Take the very first line:
It was about the same time in my life, a calm life in which ordinarily nothing happened, that two events coincided, events that, taken separately, were of hardly any interest, and that, considered together, were unfortunately not connected in any way.

The novel is split into two focuses (foci?): the first half dealing with "the struggle of living," and the second half with the "despair of being," both lines used by the narrator.

In the "struggle of living," most of the narration is centered on his actions -- step-by-step the things he physically does during the day. Often sprinkled with extreme detail. Think of Poe's "The Fall of the House of Usher" when he spends nearly ten pages describing the house and its surroundings, except with this guy eating an olive. In an interview with the author he refers to this mode of writing:

Underlying my novel is, although it isn't expressed theoretically, an idea of literature focused on the insignificant, on the banal, on the mundane, the "not interesting," the "not edifying," on lulls in time, on marginal events, which are usually excluded from literature and are not dealt with in books.

In the "despair of being" the narrator slips into philosophical thought, with his self-obsession turning from "what I am doing" to "what am I doing here?" Self reflection not of the body but of the mind.

It was night now in my mind, I was alone in the semi-darkness of the booth and I was thinking, protected from outer torments. The most favorable conditions for thinking, the moments when thought can let itself naturally follow its course, are precisely moments when, having temporarily given up fighting a seemingly inexhaustible reality, the tension begins to loosen little by little, all the tension accumulated in protecting yourself against the threat of injury...and that, alone in an enclosed space, alone and following the course of your thoughts in a state of growing relief, you move progressively from the struggle of living to the despair of being.

The novel never becomes grisly, but it does turn a bit dark.

A nice read, and I'll be looking into Toussanit's other work in the future.

Saturday, November 19, 2011

When She Woke, 61/100

The premise behind Hillary Jordan's When She Woke is what made me grab it. In a near-dystopian future (when will I tire of dystopian fiction?), Hannah Payne awakens in jail with her skin dyed bright red -- her punishment for having an abortion.

When She Woke is a re-imagining of Nathaniel Hawthorne's The Scarlet Letter, but it is also heavily influenced by Margaret Atwood's The Handmaid's Tale. In Jordan's dystopian future, a sterility epidemic has caused an under-population crisis. In some countries women are subjected to forced insemination. In the U.S., Roe v. Wade has been overturned, and the government has devolved into a dictatorial theocracy.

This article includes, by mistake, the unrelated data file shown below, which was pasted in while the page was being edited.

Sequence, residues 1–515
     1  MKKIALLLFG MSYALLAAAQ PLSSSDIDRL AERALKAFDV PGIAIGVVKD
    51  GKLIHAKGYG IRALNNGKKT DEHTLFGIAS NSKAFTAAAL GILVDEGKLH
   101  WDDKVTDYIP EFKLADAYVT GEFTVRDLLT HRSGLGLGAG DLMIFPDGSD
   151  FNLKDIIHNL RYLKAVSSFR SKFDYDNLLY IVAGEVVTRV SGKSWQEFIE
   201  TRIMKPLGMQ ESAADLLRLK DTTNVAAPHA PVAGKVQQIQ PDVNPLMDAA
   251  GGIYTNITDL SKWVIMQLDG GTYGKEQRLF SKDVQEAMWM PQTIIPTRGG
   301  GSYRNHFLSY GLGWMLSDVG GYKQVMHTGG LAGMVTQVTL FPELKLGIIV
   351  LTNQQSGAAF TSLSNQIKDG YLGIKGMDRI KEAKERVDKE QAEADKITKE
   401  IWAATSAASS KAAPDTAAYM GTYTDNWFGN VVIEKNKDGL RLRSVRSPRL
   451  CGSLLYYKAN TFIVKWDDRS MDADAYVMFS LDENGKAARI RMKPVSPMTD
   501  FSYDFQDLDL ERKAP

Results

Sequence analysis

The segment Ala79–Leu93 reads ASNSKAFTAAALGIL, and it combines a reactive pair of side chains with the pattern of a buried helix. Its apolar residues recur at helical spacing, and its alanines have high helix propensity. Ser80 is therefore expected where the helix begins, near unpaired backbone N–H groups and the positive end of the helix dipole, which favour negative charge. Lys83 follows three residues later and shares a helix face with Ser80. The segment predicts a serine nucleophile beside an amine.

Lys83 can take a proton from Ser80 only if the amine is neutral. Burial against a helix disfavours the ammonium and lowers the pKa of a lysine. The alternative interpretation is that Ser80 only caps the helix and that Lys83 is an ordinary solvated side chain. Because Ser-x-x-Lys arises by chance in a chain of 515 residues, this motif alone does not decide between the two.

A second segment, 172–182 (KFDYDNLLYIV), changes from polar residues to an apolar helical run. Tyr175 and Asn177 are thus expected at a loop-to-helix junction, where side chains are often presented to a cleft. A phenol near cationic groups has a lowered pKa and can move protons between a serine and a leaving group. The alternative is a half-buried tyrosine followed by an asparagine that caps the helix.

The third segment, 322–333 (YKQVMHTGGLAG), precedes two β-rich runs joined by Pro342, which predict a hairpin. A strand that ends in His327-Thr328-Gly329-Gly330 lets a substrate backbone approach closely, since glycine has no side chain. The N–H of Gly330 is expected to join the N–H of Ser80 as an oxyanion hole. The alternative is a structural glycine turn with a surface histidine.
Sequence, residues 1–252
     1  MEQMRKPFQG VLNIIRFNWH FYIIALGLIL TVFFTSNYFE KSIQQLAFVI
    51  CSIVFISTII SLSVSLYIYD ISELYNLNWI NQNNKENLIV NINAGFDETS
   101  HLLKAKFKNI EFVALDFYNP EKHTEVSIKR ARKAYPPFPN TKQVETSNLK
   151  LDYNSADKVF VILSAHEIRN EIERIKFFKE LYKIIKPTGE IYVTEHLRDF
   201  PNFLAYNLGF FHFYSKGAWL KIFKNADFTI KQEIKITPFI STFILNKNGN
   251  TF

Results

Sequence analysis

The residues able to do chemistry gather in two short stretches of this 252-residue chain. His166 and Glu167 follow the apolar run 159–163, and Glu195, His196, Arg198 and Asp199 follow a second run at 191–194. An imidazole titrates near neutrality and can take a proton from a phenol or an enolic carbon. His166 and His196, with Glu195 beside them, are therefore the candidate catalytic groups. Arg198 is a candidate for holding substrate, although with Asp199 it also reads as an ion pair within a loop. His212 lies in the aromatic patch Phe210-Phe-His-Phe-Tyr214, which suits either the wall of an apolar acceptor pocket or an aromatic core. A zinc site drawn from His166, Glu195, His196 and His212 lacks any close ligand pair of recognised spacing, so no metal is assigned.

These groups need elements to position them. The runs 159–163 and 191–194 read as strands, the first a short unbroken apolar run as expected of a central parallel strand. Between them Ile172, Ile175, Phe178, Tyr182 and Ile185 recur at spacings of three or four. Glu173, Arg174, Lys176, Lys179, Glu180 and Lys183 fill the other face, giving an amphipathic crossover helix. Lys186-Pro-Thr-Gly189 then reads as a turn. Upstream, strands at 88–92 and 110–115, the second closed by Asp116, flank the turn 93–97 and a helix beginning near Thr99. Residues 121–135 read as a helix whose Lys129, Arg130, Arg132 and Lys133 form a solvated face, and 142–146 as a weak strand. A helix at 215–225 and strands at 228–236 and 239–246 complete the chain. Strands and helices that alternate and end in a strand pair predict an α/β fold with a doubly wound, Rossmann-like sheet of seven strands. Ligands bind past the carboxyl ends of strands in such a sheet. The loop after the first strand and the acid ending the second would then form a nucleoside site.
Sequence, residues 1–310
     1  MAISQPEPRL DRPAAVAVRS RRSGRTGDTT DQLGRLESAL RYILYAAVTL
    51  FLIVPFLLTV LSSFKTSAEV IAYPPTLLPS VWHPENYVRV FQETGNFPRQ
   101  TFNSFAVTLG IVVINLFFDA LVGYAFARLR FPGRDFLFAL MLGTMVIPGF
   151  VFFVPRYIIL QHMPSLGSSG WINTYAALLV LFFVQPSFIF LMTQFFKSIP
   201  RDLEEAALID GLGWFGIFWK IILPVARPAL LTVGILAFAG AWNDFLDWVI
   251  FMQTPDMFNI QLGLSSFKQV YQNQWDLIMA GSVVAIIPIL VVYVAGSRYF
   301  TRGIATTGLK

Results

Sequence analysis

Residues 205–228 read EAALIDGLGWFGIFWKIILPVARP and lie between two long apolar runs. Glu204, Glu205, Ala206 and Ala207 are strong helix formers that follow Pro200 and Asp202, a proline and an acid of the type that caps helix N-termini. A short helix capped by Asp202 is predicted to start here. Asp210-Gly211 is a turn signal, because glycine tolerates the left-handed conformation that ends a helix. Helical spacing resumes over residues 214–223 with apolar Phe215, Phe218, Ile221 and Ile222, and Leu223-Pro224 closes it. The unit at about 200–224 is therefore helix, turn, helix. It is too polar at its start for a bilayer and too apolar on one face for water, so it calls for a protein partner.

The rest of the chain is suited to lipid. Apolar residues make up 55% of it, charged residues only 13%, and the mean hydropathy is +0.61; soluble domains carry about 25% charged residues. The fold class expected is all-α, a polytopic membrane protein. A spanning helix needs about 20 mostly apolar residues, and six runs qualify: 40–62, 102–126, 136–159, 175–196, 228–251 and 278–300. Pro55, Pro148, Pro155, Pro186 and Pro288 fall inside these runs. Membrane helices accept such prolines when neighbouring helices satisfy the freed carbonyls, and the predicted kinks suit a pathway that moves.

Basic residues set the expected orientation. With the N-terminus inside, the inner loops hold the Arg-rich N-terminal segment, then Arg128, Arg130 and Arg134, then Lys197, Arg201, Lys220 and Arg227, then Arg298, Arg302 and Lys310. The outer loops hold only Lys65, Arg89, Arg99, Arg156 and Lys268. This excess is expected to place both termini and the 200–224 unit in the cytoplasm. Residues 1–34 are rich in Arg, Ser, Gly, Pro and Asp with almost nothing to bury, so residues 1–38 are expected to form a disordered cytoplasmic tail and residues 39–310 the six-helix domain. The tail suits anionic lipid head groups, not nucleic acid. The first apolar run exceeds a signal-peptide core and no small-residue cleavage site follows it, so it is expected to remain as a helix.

A feature of this new society is a process called "chroming" -- a form of punishment alternative to prison, in which citizens are punished for their crimes by being dyed a color relative to their offense. These "chromes" are then shunned, discriminated against, abused, and in some cases hunted once released back into society. Hannah Payne (think Hester Prynne) is guilty of murder in the eyes of the people: she had an illegal abortion to save the reputation of the already married father.

Not everything about chroming or the logistics of this dystopian world really sticks together or remains believable from beginning to end. But it's not meant to be. It's more of a plot-device to explore the concepts of guilt, faith, and dogma.

Some might consider the novel having an anti-Christian slant, and it definitely focuses on questioning the standard practices and doctrine of evangelical religion. However, I wouldn't consider it anti-god or anti-faith. The protagonist is a deeply religious young woman who, through her chroming experience, comes to question and ultimately rebel against the theocracy governing her. Her faith in god is explored, but never completely denounced.

Similarly the novel takes a pro-choice stance, but acknowledges the complexity of the issue. Hannah retains a feeling of personal guilt and responsibility for her action which she explores, while simultaneously refusing the guilt placed upon her by the puritanical society she lives in.

Jordan provides the best answer for the abortion argument: "It's personal."

...the procedure. Hannah remembered how the term, along with the other equally clinical and dispassionate words he'd used, had calmed her. She saw in retrospect that they had in fact enabled her to go through with it. You didn't temporize, much less agonize, over a procedure, you proceeded with it. A procedure didn't induce regret or require expiation. But how different the scenario became when you substituted words like "murder" and "abomination." The truth of it, Hannah thought now, lay somewhere in between. She'd ended her pregnancy out of love and fear and necessity. It hadn't been simply a procedure, but neither had it been an atrocity.

I would consider When She Woke to be YA fiction, despite it not being classified as such. I'm sure the publishers decided not to market it this way to avoid controversy with parents over it's subject matter. But everything about the way it's written and the way the subjects are approached point directly to YA. How disappointing that a book which could help young adults work through issues of faith and sexuality won't find it's way into their hands. I'm sure if the book was about actual murder, full-fledged and gruesome, it would be sitting right there on the school library shelf next to Twilight.